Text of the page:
Mark D. White
Just a brief note to draw your attention to a terrific new article forthcoming in the European Journal of Philosophy that summarizes the literature on the ethics of imposing risk, an omnipresent problem with no easy solution but which is of critical concern to anyone dealing with issues of harm, whether from an economic, legal, or philosophical perspective.
Madeleine Hayenhjelm and Jonathan Wolff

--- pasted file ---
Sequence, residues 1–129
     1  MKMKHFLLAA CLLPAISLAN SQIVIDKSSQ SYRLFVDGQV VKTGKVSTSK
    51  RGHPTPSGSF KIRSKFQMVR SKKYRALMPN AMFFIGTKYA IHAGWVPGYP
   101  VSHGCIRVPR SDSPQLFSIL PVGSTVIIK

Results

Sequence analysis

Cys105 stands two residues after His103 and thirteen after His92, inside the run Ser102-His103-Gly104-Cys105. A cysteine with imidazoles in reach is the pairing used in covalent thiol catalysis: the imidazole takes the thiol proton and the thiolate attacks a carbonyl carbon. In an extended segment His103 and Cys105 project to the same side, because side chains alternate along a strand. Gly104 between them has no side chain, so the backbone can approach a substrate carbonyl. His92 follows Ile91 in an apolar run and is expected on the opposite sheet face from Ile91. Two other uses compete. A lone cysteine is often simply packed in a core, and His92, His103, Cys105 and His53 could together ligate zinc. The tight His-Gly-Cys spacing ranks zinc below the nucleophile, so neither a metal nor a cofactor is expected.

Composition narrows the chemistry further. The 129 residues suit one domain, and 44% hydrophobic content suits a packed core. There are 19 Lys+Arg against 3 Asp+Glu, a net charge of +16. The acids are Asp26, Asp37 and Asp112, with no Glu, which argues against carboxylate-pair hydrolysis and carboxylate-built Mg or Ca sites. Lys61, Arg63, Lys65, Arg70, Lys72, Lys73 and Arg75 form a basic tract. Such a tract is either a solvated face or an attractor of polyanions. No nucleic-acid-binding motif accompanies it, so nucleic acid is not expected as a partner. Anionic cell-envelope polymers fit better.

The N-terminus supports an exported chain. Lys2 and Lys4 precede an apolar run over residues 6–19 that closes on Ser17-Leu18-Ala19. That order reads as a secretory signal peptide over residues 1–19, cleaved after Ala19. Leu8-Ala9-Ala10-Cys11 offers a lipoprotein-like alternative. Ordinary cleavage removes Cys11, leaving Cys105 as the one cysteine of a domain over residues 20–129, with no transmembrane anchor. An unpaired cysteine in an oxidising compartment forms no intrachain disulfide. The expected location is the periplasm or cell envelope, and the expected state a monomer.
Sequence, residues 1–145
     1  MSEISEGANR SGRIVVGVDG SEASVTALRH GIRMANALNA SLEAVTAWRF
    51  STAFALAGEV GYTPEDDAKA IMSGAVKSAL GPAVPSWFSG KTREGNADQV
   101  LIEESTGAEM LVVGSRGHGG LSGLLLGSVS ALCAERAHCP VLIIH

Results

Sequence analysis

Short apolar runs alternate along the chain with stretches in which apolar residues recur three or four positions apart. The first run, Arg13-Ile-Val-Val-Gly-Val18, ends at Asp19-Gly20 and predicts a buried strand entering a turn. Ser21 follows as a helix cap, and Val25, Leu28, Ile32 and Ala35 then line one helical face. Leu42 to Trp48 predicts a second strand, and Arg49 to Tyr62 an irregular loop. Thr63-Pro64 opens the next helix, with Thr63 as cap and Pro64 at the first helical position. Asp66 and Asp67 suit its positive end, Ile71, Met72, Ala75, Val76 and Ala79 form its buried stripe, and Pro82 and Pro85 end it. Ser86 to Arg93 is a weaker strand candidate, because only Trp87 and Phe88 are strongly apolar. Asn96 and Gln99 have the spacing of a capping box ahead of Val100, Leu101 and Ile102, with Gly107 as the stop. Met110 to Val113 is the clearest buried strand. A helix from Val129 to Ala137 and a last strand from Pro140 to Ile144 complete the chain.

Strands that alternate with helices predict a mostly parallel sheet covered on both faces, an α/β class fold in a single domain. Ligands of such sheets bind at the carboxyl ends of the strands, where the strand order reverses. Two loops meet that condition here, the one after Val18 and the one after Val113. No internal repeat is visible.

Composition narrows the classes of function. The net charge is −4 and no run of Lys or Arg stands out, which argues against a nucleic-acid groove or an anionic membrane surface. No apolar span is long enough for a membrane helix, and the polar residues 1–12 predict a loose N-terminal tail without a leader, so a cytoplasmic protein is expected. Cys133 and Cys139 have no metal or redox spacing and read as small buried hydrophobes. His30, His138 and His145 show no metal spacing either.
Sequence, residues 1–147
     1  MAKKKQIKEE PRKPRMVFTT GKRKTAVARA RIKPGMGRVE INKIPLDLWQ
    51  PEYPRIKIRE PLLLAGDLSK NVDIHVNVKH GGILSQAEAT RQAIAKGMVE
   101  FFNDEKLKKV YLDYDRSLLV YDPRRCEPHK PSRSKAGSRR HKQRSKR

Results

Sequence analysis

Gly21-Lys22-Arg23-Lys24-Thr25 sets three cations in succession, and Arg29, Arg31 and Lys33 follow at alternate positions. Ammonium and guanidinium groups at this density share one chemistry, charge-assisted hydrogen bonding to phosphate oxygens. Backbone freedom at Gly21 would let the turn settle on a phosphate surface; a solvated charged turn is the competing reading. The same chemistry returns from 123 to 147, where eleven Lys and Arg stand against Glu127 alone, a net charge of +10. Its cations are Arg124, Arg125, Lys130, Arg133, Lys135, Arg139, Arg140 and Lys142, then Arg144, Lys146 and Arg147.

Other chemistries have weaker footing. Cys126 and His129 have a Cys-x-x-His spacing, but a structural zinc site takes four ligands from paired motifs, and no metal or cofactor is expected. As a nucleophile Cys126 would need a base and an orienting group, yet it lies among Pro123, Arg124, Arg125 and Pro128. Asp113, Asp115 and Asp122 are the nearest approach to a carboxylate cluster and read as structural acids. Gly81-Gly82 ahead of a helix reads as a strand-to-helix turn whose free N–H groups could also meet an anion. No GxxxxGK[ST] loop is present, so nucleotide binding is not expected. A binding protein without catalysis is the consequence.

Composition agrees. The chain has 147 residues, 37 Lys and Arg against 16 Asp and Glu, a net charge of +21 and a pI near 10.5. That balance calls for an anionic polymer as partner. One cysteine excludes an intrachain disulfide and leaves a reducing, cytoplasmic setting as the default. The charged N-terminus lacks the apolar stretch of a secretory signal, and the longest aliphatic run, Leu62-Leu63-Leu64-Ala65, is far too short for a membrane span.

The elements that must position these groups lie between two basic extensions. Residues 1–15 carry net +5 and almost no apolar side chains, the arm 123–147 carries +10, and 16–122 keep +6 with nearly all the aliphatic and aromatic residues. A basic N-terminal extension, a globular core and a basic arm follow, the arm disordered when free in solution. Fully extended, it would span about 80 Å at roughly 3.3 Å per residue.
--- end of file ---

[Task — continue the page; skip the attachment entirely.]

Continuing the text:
Abstract: This paper surveys the current philosophical discussion of the ethics of risk imposition, placing it in the context of relevant work in psychology, economics and social theory. The central philosophical problem starts from the observation that it is not practically possible to assign people individual rights not to be exposed to risk, as virtually all activity imposes some risk on others. This is the ‘problem of paralysis’. However, the obvious alternative theory that exposure to risk is justified when its total benefits exceed its total costs faces the standard distributional challenges of consequentialism. Forms of contractualism have been proposed as a solution, but how exactly such theories can be formulated remains problematic, especially when confronted with the difficult cases of mass, novel, risk such as climate change.